Beijing denounces report on Wen family's wealth
NY Times accused of ulterior motives after claiming relatives control US$2.7b in assets
Beijing reacted furiously yesterday to an overseas media report that Premier Wen Jiabao's family had accumulated massive wealth during his time in office.
"Some reports smear China and have ulterior motives," Foreign Ministry spokesman Hong Lei said in response to a question about The New York Times report, which said Wen's family controlled at least US$2.7 billion worth of assets.
Hong declined to comment on the accuracy of the report.
The websites of the English and Chinese editions of the paper were blocked on the mainland yesterday. Observers said the action underscored Beijing's sensitivity to revelations about top leaders, especially as they were likely to be used in an intensifying power struggle inside the Communist Party in the run-up to the party's national congress early next month and the announcement of China's next leadership team.
Hong Kong-based political commentator Johnny Lau Yui-siu said Hong's remarks indicated Beijing was worried some people in the inner political circle were teaming up with foreign forces to influence the next leadership line-up - even though the newspaper has conducted a thorough investigation into Wen.
"The impact caused by the exposure is wide-ranging because other top Chinese leaders may sooner or later face the same situation," he said.
The New York Times reported that Wen's family had acquired huge wealth since Wen was named vice-premier in 1998. One example cited by the paper was an investment by his 90-year-old mother in Ping An Insurance that was worth US$120 million five years ago.
The US paper launched a Chinese-language website on June 28, but it and the paper's English website were inaccessible on the mainland yesterday.
Sources close to the paper said its mainland operation continued to carry out work as normal, but staff had been told a few days ago that the website might be blocked.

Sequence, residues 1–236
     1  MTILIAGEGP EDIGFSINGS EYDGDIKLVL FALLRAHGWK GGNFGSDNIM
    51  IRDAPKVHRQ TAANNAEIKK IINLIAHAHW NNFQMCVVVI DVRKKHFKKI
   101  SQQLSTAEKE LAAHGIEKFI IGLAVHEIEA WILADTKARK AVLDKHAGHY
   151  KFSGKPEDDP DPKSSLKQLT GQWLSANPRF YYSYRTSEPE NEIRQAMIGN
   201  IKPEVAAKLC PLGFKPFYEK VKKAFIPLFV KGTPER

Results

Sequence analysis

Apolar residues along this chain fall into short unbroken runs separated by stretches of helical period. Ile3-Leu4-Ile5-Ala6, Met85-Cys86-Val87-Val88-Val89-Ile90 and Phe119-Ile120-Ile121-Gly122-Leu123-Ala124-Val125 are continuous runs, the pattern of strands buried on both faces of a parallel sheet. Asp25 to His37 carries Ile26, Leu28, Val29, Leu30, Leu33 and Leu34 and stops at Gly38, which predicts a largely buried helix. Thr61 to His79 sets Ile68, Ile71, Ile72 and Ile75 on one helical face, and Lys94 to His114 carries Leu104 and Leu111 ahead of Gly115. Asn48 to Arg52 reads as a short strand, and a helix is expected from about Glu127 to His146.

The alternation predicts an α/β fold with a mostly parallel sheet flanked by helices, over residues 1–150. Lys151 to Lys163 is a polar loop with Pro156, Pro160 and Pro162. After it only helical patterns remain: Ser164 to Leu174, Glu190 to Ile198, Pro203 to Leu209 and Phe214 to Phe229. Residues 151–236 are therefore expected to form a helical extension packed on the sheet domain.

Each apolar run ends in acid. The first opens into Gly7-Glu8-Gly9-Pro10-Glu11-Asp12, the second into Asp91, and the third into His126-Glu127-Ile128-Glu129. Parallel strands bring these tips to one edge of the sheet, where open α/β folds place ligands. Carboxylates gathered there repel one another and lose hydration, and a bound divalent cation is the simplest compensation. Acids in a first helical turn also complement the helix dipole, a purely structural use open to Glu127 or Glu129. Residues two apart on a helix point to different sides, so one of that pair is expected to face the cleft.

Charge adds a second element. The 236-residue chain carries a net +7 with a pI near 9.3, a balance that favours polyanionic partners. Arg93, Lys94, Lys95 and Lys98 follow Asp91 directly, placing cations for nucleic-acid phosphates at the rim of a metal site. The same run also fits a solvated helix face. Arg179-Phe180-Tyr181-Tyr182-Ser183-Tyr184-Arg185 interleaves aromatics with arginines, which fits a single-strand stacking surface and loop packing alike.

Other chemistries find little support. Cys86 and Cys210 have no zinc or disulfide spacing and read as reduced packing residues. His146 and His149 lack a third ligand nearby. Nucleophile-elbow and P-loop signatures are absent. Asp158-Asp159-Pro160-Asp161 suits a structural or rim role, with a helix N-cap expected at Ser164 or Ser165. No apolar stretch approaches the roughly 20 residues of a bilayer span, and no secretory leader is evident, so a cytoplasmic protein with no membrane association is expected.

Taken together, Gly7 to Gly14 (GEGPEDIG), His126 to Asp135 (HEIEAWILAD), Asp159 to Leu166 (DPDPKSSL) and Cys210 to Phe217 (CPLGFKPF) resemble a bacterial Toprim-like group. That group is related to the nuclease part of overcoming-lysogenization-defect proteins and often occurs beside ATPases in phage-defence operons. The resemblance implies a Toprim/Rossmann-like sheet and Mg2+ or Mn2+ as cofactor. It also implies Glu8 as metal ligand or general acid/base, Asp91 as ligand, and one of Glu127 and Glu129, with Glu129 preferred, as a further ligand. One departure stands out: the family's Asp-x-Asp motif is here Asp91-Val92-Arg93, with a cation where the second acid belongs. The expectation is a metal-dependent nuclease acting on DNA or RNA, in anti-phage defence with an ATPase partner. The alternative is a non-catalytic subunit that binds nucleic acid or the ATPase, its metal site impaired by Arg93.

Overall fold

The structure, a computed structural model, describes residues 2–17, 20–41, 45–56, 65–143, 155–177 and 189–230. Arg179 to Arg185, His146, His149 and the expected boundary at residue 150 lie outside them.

"We hope that full access is restored shortly, and we will ask the Chinese authorities to ensure that our readers in China can continue to enjoy New York Times journalism," the paper's spokeswoman, Eileen Murphy, said.
Wen is the second top leader whose family assets have been disclosed by overseas media. Bloomberg News reported in June that relatives of Vice-President Xi Jinping , who is expected to become the party's next general secretary and China's next president, had investments in companies with assets of US$375 million. The agency's website has been blocked on the mainland since then.
Several overseas websites, including US-based Boxun, reported two days ago some overseas media had received "detailed" information about Wen, triggering concerns there could be a conspiracy to undermine him.
The leadership transition this year has grown murky following the downfall of former Chongqing party chief Bo Xilai , who was expelled from the National People's Congress yesterday, clearing the way for his trial.
Leftist groups have supported Bo's conservative "red culture campaign". But in March, Wen said Bo should reflect seriously on the flight of his former right-hand man, Wang Lijun , to the US consulate in Chengdu and warned that China risked seeing a repeat of the Cultural Revolution without political reform.
There has also been mounting speculation that the make-up of the next Politburo Standing Committee has not been finalised, with Guangdong party chief Wang Yang - seen as one of the party's leading voices for reform - being one of those whose next role is in doubt.
"Different camps are using different ways to exert influence," said Gu Su , a law professor at Nanjing University who is familiar with Chinese politics. "It is possible that the leftist groups will make attacks on Wen, kicking out reform-minded politicians from the top."
Zhang Lifan , a political commentator formerly with the Chinese Academy of Social Sciences, said the power struggle would only grow stronger in coming days.
With Bo expelled from the political circle, factions were now likely to set their sights on other prominent figures, Zhang said.
"It is possible that some other top leaders may become the subject of attack," he said.
Meanwhile, The New York Times report suggested that Hong Kong tycoon Li Ka-shing invested in a mobile payment company on whose board Wen's son has a seat.
Li's philanthropic foundation said in a statement yesterday that Li had donated his stake and dividends in the company to an education fund for Shantou University, which Li helped build, but did not mention the timing of the donation.